Features

Advocacy from afar

Virtual meetings have kept Minnkota engaged with lawmakers in advance of important legislative sessions.

By

Ben Fladhammer

on

December 17, 2020

The rural roadways of Minnesota and North Dakota are typically a second home for Stacey Dahl in an election year. The senior manager of external affairs dedicates those crucial fall months toward meeting with legislative candidates who may soon have the ability to shape Minnkota’s future.

With the COVID-19 pandemic limiting in-person meetings, Dahl’s windshield time was replaced with screen time in 2020. Dozens of virtual meetings were held with future policymakers in both states and on both sides of the aisle.

“It’s always nice to sit across the table from somebody and that’s what we would prefer to do going forward, but there is a lot of travel time involved,” Dahl said. “With a virtual meeting, we could connect with candidates in a pretty efficient way and still have a good, in-depth discussion. We’re really fortunate that technology facilitates that interaction.”

As the 2021 legislative sessions begin in January in Minnesota and North Dakota, virtual engagement will continue to be essential, as both states will utilize online formats for meetings and hearings. Addressing the effects of the COVID-19 pandemic and related budget shortfalls will be a focus throughout the sessions.

“Both states will be facilitating remote participation and that’s going to be a signifcant change from how these legislative bodies have operated previously,” Dahl said. “Minnesota has some experience in going remote partway through the session last year, but North Dakota has not been through this. It will certainly be an adjustment for most.”

Political engagement is embedded in the history of electric cooperatives. It has often been said that electric cooperatives were born in politics and if they die, they will die in politics. Over the years, Minnkota and its members have partnered with other electric cooperatives around the region to develop an effective grassroots political outreach program to ensure member voices are heard on important energy issues.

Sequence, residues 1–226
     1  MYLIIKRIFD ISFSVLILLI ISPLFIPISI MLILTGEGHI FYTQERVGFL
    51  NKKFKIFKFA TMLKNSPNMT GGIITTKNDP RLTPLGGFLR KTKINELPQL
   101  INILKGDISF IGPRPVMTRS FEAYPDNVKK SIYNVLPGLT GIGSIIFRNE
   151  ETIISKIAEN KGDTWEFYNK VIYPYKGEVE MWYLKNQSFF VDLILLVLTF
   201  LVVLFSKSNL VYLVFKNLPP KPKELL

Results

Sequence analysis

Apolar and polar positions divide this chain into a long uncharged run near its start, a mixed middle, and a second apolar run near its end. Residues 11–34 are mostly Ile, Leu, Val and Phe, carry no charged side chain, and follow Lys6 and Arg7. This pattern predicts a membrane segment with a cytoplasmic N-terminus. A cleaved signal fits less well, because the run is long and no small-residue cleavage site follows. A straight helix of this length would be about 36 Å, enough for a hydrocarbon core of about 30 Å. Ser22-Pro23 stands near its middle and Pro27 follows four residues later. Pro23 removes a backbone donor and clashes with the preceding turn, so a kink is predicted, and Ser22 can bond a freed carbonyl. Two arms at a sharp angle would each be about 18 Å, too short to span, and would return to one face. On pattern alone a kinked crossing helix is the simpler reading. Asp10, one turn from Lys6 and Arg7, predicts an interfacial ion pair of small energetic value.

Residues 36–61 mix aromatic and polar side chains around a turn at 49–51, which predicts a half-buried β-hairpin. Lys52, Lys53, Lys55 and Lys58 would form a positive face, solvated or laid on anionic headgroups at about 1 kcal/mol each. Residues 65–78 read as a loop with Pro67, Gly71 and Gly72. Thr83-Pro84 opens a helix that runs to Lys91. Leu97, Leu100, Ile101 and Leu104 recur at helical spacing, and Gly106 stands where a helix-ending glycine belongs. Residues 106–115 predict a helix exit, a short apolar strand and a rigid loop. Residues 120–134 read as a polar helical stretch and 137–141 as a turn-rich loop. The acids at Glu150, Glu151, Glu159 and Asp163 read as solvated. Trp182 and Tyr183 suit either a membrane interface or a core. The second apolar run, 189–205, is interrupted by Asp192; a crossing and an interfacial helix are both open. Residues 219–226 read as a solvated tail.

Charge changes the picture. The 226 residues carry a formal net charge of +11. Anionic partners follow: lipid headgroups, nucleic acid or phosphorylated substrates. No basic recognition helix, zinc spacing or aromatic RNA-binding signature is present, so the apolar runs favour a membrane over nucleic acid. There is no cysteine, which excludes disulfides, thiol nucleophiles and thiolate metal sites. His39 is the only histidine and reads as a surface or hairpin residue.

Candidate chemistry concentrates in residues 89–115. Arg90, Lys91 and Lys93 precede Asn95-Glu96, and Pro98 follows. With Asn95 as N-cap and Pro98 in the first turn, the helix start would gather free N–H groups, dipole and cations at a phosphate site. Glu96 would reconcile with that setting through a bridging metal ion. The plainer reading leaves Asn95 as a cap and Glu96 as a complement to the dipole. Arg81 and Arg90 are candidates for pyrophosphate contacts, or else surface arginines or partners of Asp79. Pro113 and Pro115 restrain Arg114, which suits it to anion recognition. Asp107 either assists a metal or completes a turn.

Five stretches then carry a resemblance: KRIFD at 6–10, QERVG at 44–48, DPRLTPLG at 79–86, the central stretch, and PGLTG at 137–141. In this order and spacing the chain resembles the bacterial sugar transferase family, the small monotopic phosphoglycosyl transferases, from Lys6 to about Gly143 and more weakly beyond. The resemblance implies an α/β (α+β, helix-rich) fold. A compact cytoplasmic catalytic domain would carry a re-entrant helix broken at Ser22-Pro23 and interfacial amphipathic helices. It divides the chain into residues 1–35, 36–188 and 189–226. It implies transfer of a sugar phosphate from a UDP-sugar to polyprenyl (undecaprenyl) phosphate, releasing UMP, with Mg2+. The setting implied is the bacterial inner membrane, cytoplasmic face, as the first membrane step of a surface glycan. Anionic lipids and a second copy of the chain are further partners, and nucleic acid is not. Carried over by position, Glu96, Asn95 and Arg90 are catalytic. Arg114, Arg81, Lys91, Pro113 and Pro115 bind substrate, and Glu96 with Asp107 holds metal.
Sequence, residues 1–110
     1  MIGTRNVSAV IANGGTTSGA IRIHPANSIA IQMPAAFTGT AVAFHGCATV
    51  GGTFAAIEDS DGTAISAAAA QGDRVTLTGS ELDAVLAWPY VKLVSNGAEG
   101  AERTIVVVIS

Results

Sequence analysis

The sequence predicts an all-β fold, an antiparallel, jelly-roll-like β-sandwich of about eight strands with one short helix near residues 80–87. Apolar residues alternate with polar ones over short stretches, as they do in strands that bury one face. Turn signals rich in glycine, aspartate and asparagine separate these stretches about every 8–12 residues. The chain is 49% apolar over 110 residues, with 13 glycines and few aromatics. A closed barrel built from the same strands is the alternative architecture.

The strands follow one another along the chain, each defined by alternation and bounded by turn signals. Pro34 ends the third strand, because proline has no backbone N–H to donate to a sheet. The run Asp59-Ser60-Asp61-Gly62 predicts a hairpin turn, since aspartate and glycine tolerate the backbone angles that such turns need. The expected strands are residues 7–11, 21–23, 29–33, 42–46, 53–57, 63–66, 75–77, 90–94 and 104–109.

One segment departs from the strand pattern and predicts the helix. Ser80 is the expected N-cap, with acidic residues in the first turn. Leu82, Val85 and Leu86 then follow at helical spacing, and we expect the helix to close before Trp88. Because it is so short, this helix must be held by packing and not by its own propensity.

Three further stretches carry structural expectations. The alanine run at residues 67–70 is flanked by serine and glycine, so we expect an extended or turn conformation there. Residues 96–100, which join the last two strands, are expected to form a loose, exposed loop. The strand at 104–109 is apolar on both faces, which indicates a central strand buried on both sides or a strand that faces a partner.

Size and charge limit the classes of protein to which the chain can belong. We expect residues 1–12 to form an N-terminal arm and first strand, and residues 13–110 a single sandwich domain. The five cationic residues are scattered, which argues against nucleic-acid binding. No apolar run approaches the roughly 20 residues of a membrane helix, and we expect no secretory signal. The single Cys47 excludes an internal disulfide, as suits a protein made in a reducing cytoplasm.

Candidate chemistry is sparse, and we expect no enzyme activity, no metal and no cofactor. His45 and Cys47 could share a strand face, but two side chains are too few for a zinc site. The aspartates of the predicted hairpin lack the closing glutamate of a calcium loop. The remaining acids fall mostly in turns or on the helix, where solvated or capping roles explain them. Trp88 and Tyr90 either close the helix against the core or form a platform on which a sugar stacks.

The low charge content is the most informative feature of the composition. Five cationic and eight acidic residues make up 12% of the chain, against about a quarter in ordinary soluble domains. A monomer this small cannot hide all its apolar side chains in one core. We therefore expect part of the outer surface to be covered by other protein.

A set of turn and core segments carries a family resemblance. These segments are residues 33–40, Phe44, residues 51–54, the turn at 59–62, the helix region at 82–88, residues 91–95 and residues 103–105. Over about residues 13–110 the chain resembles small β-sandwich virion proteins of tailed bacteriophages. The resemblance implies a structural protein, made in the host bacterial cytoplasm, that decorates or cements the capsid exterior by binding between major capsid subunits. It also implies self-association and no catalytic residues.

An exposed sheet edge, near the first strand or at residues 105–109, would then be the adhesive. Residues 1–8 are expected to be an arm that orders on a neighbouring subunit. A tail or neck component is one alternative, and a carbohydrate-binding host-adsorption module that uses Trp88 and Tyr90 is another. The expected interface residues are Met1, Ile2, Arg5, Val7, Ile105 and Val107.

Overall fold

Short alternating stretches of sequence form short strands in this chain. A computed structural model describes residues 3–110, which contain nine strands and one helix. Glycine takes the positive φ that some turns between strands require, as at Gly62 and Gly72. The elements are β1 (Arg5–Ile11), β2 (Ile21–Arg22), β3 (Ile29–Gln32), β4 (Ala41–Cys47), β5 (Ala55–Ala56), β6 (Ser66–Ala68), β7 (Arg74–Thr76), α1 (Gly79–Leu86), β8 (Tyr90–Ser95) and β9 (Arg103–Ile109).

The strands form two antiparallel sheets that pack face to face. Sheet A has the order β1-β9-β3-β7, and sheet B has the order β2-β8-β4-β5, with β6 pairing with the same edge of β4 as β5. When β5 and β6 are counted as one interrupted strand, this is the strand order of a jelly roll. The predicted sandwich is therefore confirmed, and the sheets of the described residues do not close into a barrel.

“We’re very sensitive to cost impacts from public policy,” Dahl said. “I think the takeaway from these discussions is a better understanding of who we are and why the cooperative model continues to serve us in this region very well.”

Promoting ECO Act in Minnesota

For Minnesota lawmakers, compromise will be the key strategy as their state has the only divided legislature in the country. The primary focus for electric cooperatives is encouraging passage of the Energy Conservation and Optimization (ECO) Act, which modernizes and reforms the state’s outdated Conservation Improvement Program (CIP). The CIP program does not recognize the benefits of efficient electrification of end-use processes, such as the adoption of electric vehicles and other emerging technologies. Conversely, the ECO Act emphasizes end-use total energy efficiency rather than narrowly focusing on reducing electricity use.

“We’ve talked about CIP reform for a long time,” Dahl said. “It’s a program that is in real need of modernization. We’ve done a lot of grassroots work to build support and we’ll make a strong push this session to get it passed.”

Electric cooperatives will be closely monitoring potential legislation that would require 100% of a utility’s generation portfolio to be carbon-free and other standards that would dictate that utilities must select carbon-free resources before any other resources.

Any decisions regarding the energy transition must include electric cooperatives and take into account technological capabilities, reliability and affordability.

Other focuses include addressing Department of Labor and Industry (DOLI) rules that require utilities to file a permit and be subject to inspection each time they replace a load control receiver, even though co-ops were not required to do so in the past. Load management allows utilities to reduce demand for electricity during peak usage times, which reduces the cost for consumers and provides environmental benefits. These additional costs may put those programs at risk.

Supporting North Dakota’s energy resources

Although the pandemic has created challenges in the near-term, the continued success of the lignite industry is vitally important to North Dakota because of its high-paying jobs, business activity and tax revenue. Besides the economic benefits, Minnkota and its members also receive affordable, reliable and increasingly clean electricity from lignite plants in the state.

Electric cooperatives will advocate for areas of state support, including policy changes and mechanisms to help control rising insurance costs.

“The cost of insurance has increased more than 30% in the last several years,” Dahl said. “At that trajectory, it amounts to a significant cost back to our membership.”

Continued support for the commercialization of carbon capture technology will also be pursued. Minnkota is currently evaluating Project Tundra – an effort to install carbon capture technology at the coal-based Milton R. Young Station near Center, N.D. If the project moves forward, it will be the largest carbon capture system on a power plant in the world.

“The state has played a crucial role in helping advance the research and development of carbon capture technologies,” Dahl said. “We believe the state’s support will continue to be important as these projects move toward commercial development.”

Main image: Brita Endrud (left), government affairs representative, meets virtually with Stacey Dahl, senior manager of external affairs. (Minnkota/Michael Hoeft)

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